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Protesters chalk South Bend's County City Building, demand more help for city's homeless

NOW: Protesters chalk South Bend’s County City Building, demand more help for city’s homeless

SOUTH BEND, Ind. - Dozens of people gathered at the County City Building in downtown South Bend to send a message to Mayor James Mueller and the South Bend Common Council: take action to help South Bend's homeless population. They want the city to build more permanent shelter for the homeless.

"To see people who are living in tents, and that's the only possession that they have, and they're sweltering in this heat," said protester Madolyn Wesaw, who was homeless for a time herself.

"They're freezing to death in the winter, and nothing's being done about it because it's 'not my problem.' That's abhorrent."

The protesters spent the early evening writing messages like "Love thy neighbor" and "No shelter, No peace" on the ground, outer walls, windows and sidewalk in front of the County City Building hoping to get the attention of city leaders as they enter the building.

"Hopefully, they see that the people want help for the homeless and they have a change of heart," Protester Adam Ahmed said.

Mayor Mueller's office released a statement in response to the city's homeless troubles.

The City is in communication with local service providers to see what more we can do to fill gaps in the short term, including the establishment of a temporary emergency shelter. There are no quick or easy solutions for our neighbors experiencing chronic homelessness. The City continues to support national best practices and the housing first approach to establish low barrier housing options, including additional permanent supportive housing units. Developing meaningful solutions takes time, willing and able partners, and sustainable funds. As the City continues to work with community partners to find solutions to this critical issue, the Mayor is convening an implementation group with key community stakeholders, Council representatives and the administration.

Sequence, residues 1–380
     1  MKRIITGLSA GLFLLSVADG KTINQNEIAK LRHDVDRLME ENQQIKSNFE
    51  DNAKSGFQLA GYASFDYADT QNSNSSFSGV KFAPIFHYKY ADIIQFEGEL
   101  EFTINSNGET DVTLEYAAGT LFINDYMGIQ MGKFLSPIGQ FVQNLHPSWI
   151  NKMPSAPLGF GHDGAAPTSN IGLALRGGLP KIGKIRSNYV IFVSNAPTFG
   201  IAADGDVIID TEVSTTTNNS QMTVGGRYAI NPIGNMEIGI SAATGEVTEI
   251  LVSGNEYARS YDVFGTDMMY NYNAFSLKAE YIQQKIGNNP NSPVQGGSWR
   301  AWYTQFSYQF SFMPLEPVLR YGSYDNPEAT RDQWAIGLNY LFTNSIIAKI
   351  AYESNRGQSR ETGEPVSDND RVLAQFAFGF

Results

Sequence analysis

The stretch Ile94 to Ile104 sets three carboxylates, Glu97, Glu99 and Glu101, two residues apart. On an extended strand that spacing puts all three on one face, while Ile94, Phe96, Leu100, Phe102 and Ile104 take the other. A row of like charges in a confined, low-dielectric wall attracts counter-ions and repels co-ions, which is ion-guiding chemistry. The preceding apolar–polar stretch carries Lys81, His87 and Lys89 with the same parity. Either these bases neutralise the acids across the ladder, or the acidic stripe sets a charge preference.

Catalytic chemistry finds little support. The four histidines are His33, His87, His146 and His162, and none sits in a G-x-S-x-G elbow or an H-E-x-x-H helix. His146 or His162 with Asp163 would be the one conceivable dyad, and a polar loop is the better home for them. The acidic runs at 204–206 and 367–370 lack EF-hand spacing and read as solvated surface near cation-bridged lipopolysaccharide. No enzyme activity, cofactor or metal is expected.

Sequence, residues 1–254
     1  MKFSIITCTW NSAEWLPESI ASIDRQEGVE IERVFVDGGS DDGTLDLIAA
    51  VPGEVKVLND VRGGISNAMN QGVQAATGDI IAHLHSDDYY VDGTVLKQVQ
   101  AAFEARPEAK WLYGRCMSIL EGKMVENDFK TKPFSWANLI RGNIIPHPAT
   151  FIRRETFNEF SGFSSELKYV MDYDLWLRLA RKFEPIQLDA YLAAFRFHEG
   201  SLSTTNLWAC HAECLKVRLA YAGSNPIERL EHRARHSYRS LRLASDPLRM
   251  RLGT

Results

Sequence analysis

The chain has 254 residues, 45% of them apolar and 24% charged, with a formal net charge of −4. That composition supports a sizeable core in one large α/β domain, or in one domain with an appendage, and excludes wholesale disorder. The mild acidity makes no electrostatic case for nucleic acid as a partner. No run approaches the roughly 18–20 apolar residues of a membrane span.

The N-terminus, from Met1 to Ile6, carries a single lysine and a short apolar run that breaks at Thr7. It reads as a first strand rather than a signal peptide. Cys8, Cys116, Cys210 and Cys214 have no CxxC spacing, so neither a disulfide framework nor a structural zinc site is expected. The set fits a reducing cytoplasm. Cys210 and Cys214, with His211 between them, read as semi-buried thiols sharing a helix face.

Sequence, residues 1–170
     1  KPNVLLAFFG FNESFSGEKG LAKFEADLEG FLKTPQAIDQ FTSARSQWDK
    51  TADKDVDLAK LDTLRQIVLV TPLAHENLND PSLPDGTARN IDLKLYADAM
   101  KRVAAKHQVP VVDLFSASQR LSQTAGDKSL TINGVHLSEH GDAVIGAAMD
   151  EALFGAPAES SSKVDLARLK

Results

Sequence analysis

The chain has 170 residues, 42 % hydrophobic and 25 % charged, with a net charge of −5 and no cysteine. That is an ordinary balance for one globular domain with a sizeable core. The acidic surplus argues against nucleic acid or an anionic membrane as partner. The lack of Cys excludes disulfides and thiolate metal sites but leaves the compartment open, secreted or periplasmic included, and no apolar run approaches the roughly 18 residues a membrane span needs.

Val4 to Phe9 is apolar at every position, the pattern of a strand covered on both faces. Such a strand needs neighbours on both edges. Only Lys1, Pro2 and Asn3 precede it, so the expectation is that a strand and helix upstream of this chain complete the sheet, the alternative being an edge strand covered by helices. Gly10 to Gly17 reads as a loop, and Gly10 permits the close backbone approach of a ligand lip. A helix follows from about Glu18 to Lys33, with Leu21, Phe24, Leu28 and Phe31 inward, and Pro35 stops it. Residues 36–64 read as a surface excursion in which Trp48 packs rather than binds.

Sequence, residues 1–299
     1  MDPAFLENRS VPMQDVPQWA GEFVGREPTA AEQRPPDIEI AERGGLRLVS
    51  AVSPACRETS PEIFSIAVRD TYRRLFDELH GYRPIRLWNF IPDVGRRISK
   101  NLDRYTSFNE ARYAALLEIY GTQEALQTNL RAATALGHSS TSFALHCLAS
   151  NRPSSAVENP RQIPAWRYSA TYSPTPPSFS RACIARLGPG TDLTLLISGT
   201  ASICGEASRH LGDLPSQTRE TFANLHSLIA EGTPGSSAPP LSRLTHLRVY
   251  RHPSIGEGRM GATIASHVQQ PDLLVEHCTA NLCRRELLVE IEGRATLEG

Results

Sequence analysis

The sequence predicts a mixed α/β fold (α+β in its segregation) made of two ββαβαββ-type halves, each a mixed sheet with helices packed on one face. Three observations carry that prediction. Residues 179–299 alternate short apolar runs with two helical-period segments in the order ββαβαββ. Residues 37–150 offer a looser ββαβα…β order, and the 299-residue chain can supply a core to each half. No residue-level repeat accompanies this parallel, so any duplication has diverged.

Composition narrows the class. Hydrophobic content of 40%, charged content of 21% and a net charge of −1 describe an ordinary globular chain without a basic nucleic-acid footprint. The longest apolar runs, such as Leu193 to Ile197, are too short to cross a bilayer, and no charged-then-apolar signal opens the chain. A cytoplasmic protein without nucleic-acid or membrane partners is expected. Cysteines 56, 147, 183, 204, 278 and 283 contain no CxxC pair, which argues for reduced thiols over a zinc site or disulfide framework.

For some of the Friday protesters, that is not enough.

"I want to see the city take action and not just promise to work with the community," Wesaw said. "I want them to actually hold themselves accountable."

Friday's group wanted to see the Common Council override Mayor Mueller's veto of a council resolution that would have given more resources to the homeless.

The resolution passed on a 5-4 council vote, meaning only one of those four nays would have to change their vote to overturn Mayor Mueller's veto.

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